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Home renovation and movie production should be able to boost GDP.
Home renovation and movie production should be able to boost GDP.

Japan Eyes Wider GDP Basket

Japan Eyes Wider GDP Basket

Japan seeks to broaden the scope of activities reflected in the country’s gross domestic product, factoring in technology and service-sector developments to increase the accuracy of the economic indicator.
A revised GDP could include activities such as car and home sharing as well as investment in intellectual property under the government’s proposed changes, a final report on which is due out Friday. The changes are expected to appear in an economic and fiscal policymaking plan to be compiled in June, Nikkei reported.
Today’s GDP cannot fully capture how the internet has reshaped the ways in which people live and corporations make money. A more accurate GDP could help the government develop better economic policy.
Film production is one area where the changes would apply. At present, only limited factors such as box office sales are factored into GDP. Production costs are treated as an expense, like parts and materials, and therefore subtracted from the added value of the output.
Under the government’s proposals, film production costs may be treated as investment starting in 2020, becoming partly reflected in GDP.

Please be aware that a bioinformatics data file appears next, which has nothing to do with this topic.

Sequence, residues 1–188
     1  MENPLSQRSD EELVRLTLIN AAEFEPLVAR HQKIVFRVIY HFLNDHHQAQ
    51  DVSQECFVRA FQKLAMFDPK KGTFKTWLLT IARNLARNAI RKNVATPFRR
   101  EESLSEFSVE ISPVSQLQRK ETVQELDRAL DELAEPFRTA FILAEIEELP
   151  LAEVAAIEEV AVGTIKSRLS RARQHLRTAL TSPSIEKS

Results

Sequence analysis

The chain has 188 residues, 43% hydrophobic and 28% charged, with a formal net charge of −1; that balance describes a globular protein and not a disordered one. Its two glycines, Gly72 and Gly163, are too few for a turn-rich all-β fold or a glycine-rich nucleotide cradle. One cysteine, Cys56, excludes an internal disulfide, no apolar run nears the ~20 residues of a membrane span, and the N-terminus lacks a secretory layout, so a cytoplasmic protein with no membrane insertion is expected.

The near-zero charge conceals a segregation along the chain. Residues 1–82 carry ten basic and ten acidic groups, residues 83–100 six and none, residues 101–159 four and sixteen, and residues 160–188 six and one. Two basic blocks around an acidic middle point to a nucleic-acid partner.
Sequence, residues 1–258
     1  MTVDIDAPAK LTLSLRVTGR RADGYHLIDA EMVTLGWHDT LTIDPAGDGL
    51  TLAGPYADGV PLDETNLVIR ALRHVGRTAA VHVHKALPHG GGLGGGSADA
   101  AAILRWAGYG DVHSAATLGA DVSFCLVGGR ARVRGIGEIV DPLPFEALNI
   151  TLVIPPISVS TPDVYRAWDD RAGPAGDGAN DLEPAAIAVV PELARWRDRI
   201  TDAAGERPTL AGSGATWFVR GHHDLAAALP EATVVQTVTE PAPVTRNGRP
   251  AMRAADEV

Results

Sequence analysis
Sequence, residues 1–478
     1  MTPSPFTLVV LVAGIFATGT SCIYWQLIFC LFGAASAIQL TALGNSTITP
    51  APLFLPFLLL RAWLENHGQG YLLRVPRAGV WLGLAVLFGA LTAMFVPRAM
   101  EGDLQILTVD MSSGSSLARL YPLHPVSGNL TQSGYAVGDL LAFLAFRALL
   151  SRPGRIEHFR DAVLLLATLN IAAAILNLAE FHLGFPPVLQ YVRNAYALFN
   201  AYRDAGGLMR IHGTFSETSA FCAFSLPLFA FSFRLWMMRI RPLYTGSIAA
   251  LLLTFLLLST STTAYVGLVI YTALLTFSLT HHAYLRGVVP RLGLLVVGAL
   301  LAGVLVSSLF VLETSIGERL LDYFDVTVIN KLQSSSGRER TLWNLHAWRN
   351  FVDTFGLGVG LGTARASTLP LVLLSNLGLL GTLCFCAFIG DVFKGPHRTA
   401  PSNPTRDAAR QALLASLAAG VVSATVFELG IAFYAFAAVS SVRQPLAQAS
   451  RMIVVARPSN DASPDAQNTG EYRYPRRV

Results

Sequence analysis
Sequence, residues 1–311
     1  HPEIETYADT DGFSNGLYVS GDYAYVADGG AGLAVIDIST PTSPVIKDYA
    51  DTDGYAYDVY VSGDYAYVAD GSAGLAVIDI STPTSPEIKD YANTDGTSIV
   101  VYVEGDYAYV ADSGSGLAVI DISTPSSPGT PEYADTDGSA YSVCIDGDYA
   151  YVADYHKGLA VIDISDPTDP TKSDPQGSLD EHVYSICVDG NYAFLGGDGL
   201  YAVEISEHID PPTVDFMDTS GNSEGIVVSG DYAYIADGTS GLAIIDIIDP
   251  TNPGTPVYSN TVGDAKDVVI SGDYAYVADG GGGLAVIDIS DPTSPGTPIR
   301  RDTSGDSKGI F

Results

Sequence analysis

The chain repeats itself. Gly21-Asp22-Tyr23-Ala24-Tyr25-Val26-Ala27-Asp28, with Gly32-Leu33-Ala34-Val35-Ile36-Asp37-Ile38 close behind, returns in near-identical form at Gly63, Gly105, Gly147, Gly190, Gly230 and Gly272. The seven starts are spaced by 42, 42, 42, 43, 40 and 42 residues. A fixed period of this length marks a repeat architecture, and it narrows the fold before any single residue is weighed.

Another economic activity likely to be affected is home renovation, which has picked up thanks to the Bank of Japan’s policy of maintaining ultralow interest rates. The Japanese market for such work is estimated to surpass five trillion yen ($44.2 billion), but small-scale renovations of less than 10 sq. meters now are mostly excluded from GDP under the category of investment.
The industry is seen growing over the long term as a rising number of empty homes—due to a shrinking population—find new uses. Some observers say changing how renovations are counted would lift GDP by a few trillion yen.
When Japan refigured GDP calculations in December to treat research and development spending as a value-creating investment rather than a business expense, the change raised 2011 nominal GDP by nearly 20 trillion yen.
“Renovation and movie production will no doubt boost GDP as well,” said Taro Saito of the NLI Research Institute.
The government is also studying how to include the so-called sharing economy, in which people trade or rent out homes, cars and other property. But any discussions of this topic face the challenge of tracking deals cut between individuals via smartphone.

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